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257 Chapter 14 When Tom Blew the Whistle, 1960-62 An Untimely Death In 1960, President Dwight Eisenhower’s second term was ending and the nation was about to elect a new president. Would Vice President Richard M. Nixon, a Californian, become president? Would Democrats choose a new face after nominating Adlai Stevenson in 1952 and 1956? A handful of Democrats jockeyed for position as seven state primaries got underway. With a May election at the end of the scheduled primaries, Oregon would be in the national political spotlight—if only briefly. Two days before Oregon’s March 11 filing deadline, tragedy struck. Richard Neuberger, Oregon’s junior United States senator, died of a cerebral hemorrhage in Portland. Diagnosed with testicular cancer in summer 1957, Neuberger had undergone an operation and lengthy cancer treatment. While his health steadily deteriorated, he had continued to meet his rigorous Senate schedule. In spite of his continuing feud with Sen. Wayne Morse, Neuberger was optimistic and looking forward to running for reelection in 1960. With his popularity at an all-time high, it had seemed a certainty. Working through their shock, Democratic Party leaders scrambled to find a last-minute replacement for Senator Neuberger. Democratic officials convinced Maurine Neuberger, Dick’s widow, to run in her husband’s place. Though Representatives Edith Green and Charles Porter rushed home to Oregon to test their own possible Senate candidacies, both quickly stepped aside when Mrs. Neuberger said she would run for her husband’s seat. Senator Neuberger’s funeral, conducted at Portland’s Temple Beth Israel, was somber and sad. “Neuberger’s friends arose to speak a last farewell. Those who followed the rabbi included Governor Hatfield, Sen. Lyndon Baines Johnson, former Gov. Robert Holmes, U.S. Supreme Court Justice William O. Douglas and others.”1 Conspicuously absent was Senator Wayne Morse. 258 chapter 14 Maurine Brown Neuberger, a former state representative from Portland, and her husband’s closest political confidante, was a household name in Oregon. With a sympathy factor also working in her favor, she was a formidable candidate. Meanwhile, as candidates and their parties campaigned for the May primary, Republican Gov. Mark Hatfield appointed Democrat Hall M. Lusk, an Oregon Supreme Court Justice, to complete Richard Neuberger’s term until voters elected a new senator in November. John Fitzgerald Kennedy Oregon’s May election attracted national attention because of the uniqueness of the state’s open presidential primary law. According to Oregon statute, the secretary of state could place the names of any potential Republican and Democratic presidential nominee on Oregon’s primary election ballot. This meant that a potential candidate (who might even protest his or her inclusion on Oregon’s ballot) could sit back, and with little effort or money spent, find out if he or she could generate enough grassroots support to become a viable presidential candidate. Only Vice President Nixon was listed on the GOP primary ballot. The Democratic primary was quite a different story, with five prominent candidates : Senators Lyndon Johnson (Texas), Stuart Symington (Missouri), Hubert Humphrey (Minnesota), John Kennedy (Massachusetts), and Wayne Morse of Oregon,whosenameappearedontheballotasafavorite-soncandidate.* Sixstate primaries had taken place prior to Oregon’s May election and John Fitzgerald Kennedy had won all six. As the Democratic campaign swung into Oregon, Kennedy had the most and the least to lose of the Democratic candidates. If Kennedy lost in Oregon, he would go to the Democratic National Convention as a recent loser. If he won Oregon, Kennedy would go to the convention as the favorite to win the nomination for president. But John Kennedy was Catholic and the only other Catholic presidential nominee was New York Governor Alfred Smith in 1928. Smith was crushed by Republican Herbert Hoover. A generation later, the Democratic Party faced the question of whether JFK was electable. Would the “Catholic issue” doom his chances? Oregon has always * A favorite-son candidate is typically a prominent state politician whose name is placed on a state ballot or in nomination at the national convention as a courtesy. When Oregon’s secretary of state added Senator Wayne Morse’s name to the list of Democratic candidates for president in May 1960 it was an acknowledgement of Morse as a Democrat of national stature. When a state delegation casts all or part of their votes for their favorite son they are turning the political spotlight both on their state and on the candidate. When Tom Blew the Whistle, 1960-62 259 been a Protestant state...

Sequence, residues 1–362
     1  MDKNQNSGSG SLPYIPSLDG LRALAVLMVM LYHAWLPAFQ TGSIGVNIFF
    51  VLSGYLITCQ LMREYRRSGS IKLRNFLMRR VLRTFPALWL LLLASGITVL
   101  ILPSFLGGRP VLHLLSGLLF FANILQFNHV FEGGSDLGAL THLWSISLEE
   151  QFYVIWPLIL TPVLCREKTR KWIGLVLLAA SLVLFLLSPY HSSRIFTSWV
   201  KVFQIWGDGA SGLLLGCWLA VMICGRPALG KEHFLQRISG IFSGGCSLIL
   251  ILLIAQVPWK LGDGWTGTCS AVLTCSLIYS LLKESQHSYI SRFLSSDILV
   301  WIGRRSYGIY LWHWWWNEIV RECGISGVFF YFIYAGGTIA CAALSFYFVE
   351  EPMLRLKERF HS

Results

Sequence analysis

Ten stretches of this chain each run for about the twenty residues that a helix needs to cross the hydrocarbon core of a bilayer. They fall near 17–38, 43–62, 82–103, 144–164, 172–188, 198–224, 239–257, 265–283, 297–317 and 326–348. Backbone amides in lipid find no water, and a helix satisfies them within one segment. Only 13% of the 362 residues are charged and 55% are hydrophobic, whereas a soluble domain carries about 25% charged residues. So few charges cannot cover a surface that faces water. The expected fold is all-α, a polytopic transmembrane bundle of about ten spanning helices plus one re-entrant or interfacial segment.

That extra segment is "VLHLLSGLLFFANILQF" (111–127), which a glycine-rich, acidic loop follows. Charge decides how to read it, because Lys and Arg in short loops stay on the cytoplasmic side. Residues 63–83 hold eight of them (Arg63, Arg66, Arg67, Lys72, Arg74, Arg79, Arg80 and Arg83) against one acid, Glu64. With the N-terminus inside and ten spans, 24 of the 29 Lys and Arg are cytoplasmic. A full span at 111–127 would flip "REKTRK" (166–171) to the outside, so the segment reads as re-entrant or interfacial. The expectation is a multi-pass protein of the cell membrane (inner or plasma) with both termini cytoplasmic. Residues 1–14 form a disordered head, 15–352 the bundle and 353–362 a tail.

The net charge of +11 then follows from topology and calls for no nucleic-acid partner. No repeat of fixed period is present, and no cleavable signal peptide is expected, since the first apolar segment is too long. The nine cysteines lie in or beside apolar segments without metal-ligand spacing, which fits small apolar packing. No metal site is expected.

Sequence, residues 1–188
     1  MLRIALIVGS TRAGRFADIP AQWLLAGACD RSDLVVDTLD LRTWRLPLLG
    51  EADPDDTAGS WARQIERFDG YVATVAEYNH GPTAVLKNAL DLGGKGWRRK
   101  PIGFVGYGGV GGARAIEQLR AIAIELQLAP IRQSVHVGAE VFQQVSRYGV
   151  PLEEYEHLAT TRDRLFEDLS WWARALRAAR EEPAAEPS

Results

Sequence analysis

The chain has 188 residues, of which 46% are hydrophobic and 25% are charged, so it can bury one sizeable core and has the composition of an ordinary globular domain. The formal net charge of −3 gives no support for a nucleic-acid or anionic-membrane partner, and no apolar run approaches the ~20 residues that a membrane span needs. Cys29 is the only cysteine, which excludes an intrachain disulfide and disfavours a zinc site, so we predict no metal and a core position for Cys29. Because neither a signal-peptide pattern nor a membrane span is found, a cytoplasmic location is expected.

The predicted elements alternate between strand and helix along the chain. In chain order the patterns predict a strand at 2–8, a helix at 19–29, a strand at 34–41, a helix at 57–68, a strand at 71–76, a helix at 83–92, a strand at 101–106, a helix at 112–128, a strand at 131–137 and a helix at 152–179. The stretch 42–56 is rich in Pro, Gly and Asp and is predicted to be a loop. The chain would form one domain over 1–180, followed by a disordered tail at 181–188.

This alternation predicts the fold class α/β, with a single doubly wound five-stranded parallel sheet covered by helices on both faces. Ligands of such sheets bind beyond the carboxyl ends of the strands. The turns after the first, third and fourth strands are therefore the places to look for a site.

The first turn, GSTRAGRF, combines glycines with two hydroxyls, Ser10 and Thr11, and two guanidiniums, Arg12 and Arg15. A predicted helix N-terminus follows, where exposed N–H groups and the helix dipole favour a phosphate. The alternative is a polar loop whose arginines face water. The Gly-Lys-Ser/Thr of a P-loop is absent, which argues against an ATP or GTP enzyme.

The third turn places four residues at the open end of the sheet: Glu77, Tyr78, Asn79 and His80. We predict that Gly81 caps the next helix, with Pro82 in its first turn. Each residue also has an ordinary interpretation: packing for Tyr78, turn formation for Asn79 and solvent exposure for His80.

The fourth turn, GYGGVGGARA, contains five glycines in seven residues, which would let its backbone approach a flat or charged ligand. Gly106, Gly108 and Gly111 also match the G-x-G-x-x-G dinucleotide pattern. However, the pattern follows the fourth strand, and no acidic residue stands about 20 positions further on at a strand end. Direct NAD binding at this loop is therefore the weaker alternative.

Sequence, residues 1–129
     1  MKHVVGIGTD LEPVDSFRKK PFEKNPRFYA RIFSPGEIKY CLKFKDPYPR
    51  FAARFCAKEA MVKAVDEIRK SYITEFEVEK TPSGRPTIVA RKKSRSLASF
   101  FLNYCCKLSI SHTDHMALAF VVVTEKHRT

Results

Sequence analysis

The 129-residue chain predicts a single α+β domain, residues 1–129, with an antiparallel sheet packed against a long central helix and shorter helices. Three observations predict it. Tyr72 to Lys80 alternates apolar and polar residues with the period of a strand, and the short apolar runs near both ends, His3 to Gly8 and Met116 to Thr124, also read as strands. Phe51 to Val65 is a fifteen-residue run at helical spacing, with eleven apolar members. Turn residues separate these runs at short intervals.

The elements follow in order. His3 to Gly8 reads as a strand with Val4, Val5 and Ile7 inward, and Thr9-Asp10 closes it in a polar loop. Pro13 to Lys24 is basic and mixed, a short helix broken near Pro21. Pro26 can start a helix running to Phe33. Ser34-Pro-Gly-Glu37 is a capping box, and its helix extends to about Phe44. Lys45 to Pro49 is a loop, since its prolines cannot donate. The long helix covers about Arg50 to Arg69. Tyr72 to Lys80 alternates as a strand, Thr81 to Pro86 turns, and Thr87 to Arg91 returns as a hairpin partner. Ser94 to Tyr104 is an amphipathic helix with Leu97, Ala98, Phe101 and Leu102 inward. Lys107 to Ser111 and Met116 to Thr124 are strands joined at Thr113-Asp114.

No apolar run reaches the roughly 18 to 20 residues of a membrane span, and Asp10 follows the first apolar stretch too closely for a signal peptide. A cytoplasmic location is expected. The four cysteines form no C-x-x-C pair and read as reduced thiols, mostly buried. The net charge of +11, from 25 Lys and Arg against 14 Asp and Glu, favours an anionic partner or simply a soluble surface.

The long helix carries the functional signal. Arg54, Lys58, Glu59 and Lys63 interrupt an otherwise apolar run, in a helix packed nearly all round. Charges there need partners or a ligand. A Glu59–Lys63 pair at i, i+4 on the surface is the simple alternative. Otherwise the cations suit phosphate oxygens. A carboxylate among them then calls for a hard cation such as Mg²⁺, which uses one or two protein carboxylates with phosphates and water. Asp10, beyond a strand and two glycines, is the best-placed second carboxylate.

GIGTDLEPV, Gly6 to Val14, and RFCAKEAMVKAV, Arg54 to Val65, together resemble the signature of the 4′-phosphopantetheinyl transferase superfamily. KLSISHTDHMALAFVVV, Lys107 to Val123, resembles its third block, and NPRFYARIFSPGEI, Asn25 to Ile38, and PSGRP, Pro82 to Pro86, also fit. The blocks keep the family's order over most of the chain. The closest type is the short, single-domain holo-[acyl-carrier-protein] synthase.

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Additional Information

ISBN
9780870716584
Print ISBN
9780870716577
MARC Record
OCLC
821734340
Launched on MUSE
2012-09-21
Language
English
Open Access
N
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